A novel theory in the field of tumor biology postulates that cancer growth is driven by a population of stem-like cells, called tumor-initiating cells (TICs). We previously identified a TIC population derived from hepatocellular carcinoma (HCC) that is characterized by membrane expression of CD133. Here, we describe a novel mechanism by which these cells mediate tumor growth and angiogenesis by systematic comparison of the gene expression profiles between sorted CD133 liver subpopulations through genome-wide microarray analysis. A significantly dysregulated interleukin-8 (IL-8) signaling network was identified in CD133+ liver TICs obtained from HCC clinical samples and cell lines. IL-8 was found to be overexpressed at both the genomic and proteomic levels in CD133+ cells isolated from HCC cell lines or clinical samples. Functional studies found enhanced IL-8 secretion in CD133+ liver TICs to exhibit a greater ability to self-renew, induce tumor angiogenesis, and initiate tumors. In further support of these observations, IL-8 repression in CD133+ liver TICs by knockdown or neutralizing antibody abolished these effects. Subsequent studies of the IL-8 functional network identified neurotensin (NTS) and CXCL1 to be preferentially expressed in CD133+ liver TICs. Addition of exogenous NTS resulted in concomitant up-regulation of IL-8 and CXCL1 with simultaneous activation of p-ERK1/2 and RAF-1, both key components of the mitogen-activated protein kinase (MAPK) pathway. Enhanced IL-8 secretion by CD133+ liver TICs can in turn activate an IL-8-dependent feedback loop that signals through the MAPK pathway. Further, in its role as a liver TIC marker CD133 also plays a functional part in regulating tumorigenesis of liver TICs by way of regulating NTS, IL-8, CXCL1, and MAPK signaling.Conclusion:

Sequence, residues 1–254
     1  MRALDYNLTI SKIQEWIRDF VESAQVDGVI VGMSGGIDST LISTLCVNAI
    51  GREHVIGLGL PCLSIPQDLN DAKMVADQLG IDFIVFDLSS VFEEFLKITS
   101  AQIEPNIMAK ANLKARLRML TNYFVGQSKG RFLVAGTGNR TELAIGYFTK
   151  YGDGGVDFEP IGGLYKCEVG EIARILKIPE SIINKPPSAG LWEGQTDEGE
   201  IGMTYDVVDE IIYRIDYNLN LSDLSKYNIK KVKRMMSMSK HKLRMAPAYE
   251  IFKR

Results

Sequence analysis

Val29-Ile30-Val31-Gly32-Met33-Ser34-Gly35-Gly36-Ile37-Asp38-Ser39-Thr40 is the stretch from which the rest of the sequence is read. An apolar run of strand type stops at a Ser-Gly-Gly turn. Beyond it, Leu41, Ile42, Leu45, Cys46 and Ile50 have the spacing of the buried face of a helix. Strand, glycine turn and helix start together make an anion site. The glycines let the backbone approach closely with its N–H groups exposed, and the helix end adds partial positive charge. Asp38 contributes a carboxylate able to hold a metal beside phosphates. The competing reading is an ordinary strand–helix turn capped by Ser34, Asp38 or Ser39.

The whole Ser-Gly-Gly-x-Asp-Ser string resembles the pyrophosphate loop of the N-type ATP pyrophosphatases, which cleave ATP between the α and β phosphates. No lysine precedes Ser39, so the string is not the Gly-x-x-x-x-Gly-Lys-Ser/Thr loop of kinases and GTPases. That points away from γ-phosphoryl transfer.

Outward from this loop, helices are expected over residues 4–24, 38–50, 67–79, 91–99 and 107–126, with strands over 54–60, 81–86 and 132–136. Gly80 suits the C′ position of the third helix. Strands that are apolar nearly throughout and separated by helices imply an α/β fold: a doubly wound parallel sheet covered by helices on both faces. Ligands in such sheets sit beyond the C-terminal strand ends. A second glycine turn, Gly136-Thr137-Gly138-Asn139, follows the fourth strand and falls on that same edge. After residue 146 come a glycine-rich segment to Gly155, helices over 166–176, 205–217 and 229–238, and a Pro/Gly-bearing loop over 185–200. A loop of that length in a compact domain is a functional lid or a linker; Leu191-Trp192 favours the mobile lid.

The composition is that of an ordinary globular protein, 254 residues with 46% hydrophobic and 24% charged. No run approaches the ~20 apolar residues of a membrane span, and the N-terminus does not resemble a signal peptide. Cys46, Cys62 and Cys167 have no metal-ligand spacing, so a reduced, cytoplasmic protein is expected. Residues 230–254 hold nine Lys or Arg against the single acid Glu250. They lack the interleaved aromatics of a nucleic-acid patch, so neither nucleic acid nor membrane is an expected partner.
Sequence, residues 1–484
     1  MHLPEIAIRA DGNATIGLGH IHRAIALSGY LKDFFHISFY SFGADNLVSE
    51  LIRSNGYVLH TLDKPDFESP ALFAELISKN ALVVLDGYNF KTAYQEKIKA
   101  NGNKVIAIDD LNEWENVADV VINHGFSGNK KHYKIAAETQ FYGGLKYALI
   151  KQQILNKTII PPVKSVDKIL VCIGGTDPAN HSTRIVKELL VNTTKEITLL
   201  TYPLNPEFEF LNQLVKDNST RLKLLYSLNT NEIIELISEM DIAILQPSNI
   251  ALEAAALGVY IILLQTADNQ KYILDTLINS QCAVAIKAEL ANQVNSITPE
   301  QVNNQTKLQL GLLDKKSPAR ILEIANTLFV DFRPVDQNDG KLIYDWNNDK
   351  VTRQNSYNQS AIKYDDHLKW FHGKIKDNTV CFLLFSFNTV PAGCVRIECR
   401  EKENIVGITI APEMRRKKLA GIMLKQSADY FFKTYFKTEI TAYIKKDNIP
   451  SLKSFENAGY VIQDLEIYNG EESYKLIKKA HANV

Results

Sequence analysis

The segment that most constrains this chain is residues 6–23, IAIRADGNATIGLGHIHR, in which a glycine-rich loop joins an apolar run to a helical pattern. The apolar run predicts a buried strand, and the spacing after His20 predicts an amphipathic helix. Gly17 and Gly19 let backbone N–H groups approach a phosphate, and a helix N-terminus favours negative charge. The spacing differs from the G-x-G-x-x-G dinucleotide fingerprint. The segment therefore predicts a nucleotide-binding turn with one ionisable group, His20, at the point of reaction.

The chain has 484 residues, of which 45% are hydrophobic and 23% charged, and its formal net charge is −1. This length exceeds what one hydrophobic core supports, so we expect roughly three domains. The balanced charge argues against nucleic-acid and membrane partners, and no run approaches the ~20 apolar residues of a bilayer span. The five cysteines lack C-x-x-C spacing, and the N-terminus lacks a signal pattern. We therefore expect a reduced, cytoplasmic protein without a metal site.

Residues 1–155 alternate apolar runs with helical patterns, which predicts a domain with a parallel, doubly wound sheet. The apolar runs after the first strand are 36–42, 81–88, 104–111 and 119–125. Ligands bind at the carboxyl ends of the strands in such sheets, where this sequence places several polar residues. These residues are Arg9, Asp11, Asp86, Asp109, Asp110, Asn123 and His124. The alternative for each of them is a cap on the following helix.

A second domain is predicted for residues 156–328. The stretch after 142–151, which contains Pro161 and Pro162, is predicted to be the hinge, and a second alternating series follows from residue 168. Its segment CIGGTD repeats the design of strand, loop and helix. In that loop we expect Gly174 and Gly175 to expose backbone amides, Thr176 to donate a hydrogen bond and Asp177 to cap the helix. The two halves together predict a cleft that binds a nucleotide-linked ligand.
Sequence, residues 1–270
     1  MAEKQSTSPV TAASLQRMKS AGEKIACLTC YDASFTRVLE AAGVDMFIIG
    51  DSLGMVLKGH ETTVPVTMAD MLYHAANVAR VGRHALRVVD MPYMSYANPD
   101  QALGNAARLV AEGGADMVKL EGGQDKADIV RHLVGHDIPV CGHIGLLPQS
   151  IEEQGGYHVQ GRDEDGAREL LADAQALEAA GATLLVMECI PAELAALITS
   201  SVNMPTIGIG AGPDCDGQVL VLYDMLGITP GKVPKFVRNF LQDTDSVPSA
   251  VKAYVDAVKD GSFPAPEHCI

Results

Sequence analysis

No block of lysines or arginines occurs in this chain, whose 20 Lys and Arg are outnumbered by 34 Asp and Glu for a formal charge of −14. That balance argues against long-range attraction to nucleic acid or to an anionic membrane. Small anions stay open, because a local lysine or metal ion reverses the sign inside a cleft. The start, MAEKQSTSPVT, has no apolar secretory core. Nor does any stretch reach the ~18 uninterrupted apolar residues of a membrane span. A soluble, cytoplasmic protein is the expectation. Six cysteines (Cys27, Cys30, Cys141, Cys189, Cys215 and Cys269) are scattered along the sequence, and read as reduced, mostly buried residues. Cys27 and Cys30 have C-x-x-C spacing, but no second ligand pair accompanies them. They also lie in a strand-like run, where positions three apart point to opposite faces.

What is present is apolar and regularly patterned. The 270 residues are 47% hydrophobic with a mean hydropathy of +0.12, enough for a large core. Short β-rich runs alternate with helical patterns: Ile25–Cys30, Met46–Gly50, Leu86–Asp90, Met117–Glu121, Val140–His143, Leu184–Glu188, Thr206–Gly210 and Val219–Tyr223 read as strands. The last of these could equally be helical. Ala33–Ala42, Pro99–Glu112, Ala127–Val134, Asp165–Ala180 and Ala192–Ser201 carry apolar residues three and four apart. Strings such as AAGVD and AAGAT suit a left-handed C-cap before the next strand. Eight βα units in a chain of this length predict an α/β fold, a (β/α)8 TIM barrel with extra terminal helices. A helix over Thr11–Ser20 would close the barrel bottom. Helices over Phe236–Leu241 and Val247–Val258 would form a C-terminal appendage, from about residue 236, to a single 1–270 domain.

CD133+ liver TICs promote angiogenesis, tumorigenesis, and self-renewal through NTS-induced activation of the IL-8 signaling cascade.